For this, the book did exactly what a sprawling survey should do: it complicated everything. Gregg opens the book with a chapter titled Misunderstandings, which was a good introduction to the subject. His writing is cautious and lucid, and Misunderstandings sets the tone for the rest of the book. Gregg is in the business of psychology, not the creation of national or regional sterotypes. He is thusly very open that The Middle East can only cover so much. Unfortunately for my purposes, he eventually has little to say about education, and only slightly more to say about Islam. Most of the influences on psychological development that Gregg describes are social, and he only has so much space in which to describe them. He also had to pick and choose which topics to describe in depth. It seems as though Gregg is perfectly comfortable going on at length regarding particular debates over the effects of certain practices on development, but the book has a lot of ground to cover in 378 pages. The stand-out parts of many chapters were the “debate” sections near the end, in which Gregg built on the framework laid in the first section (the social ecology section) and earlier chapters to discuss a topic in depth. For example, the Early Childhood section featured the most extended and complex discussion of the developmental effects and societal role of male circumcision and female genital cutting (FGC) that I have yet read. Of course, FGC is only practiced by some groups (mainly concentrated in Northern Africa more than the Middle East, but tightening the cultural area under discussion is the price of increased depth.
In the later chapters, Gregg begins to focus on some more concrete details of identity formation. There was also more explicit discussion of the impact of modernity (read: Western influence) and feelings towards tradition, as there is growing awareness of both in later development. A frequent theme in the last four chapters of the book is Gregg’s intuition that (slightly) more accesible education creates perceptions and expectations for success that are not, unfortunately, in line with the opportunities in underedeveloped nations. The impact of this mismatch between expectations and opportunity has not been well explored, and is likely of increasing importance to the psychological development of many in the MENA region.
This book was very helpful to me, and I hope to make use of Gregg’s copious endnotes and citations for further exploration. A great deal will have to wait, because I shouldn’t go back to research yet– but to help shore up my grounding on MENA cultures I don’t think I could have found a better book. Now, if only someone could write something centered around youth and adult development, with an in-depth discussion of the impact of Islam… maybe my own future research could make a contribution to the text.
On the subject of Silvestre de Sacy’s three volume Chrestomathie arabe, a selection of writings from Middle Eastern and Northern African cultures, Edward Said has this (and much more) to say:
Sacy’s anthologies were used very widely in Europe for several generations. Although what they contain was claimed as typical, they submerge and cover the censorship of the Orient exercised by the Orientalist. Moreover, the internal order of their contents, the arrangement of their parts, the choice of fragments, never reveal their secret; one has the impression that if fragments were not chosen for their importance, or for their chronological development, or for their aesthetic beauty (as Sacy’s were not), they must nevertheless embody a certain Oriental naturalness, or typical inevitability. (Edward Said, Orentalism, p.129)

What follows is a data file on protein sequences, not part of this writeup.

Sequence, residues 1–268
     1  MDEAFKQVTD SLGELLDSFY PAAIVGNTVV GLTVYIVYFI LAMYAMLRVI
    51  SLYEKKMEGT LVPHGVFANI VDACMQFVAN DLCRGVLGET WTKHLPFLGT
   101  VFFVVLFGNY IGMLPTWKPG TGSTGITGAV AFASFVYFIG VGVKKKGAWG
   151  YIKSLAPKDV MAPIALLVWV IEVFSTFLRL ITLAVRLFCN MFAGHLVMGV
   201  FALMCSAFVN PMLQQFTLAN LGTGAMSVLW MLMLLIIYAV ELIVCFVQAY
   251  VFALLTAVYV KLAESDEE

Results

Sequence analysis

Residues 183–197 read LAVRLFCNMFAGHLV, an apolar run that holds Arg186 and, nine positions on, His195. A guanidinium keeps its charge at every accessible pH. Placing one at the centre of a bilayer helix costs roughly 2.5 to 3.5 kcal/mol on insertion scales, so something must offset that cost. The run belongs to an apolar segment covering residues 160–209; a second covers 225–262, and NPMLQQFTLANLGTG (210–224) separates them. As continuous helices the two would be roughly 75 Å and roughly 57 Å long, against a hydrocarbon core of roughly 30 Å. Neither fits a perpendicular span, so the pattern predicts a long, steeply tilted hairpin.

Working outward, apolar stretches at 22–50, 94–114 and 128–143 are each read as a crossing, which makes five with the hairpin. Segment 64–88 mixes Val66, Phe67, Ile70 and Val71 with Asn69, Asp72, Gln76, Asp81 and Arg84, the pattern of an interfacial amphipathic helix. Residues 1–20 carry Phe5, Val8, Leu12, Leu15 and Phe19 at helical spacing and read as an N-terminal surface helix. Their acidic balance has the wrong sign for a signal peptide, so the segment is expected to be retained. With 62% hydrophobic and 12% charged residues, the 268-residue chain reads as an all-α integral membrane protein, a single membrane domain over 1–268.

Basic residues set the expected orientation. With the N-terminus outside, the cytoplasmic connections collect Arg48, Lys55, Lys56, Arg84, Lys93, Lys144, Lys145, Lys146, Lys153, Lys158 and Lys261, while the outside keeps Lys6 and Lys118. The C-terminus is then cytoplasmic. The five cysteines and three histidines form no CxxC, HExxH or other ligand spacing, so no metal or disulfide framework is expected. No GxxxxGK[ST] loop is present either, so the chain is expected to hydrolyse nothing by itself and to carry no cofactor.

Much of what I am finding fascinating about Orientalism is that it is not just about the characterization and domination of the Orient by European intellectuals, but that it is about knowing. It is a different take on the production and dissemination of knowledge, one more informed by continental authors which I did not really acquaint myself with in the last few years. Said’s most frequent philosophical acknowledgements seem to go to Foucault, and then Marx, but as a philologist he also has interesting commentary on Schlegel and Nietzsche.
This excerpt grabbed my attention in particular because it is about editorship and the politics of pedagogical compilation. Most of the professors I have had in the last few years preferred not to use textbooks. A frequent complaint they voiced was that textbooks consist of information predigested by some panel of experts elsewhere. It also takes a long time for information to be so digested, so textbooks are frequently far behind the work being published in books and journals. The result was that most of what I have read for class in the last few years has been collections of excerpts from books and journal articles, selected by professors.
While it is good to know the editor directly, and be able to engage them in their editorial choices in discussion, I have a new feeling of unease brought about by this passage of Said’s. I would not say that I am suspicious of the sources that have been suggested to me by professors, but I am even more worried about my own range of texts. At the moment, I am my own editor with somewhat limited resources. I have a great deal of time, but not much in the way of money (at least not money I could spend on journal subscriptions). I need excerpts, anyway—I wouldn’t want to read every article in every issue of even one journal, unless it was a special issue on a particular topic of my interest. How can I make the most, though, of the sources available to me? I don’t want to read, and because of my limited memory, time, attention, or money, end up feeling as if I know things only with a certain philosophical naturalness or inevitability.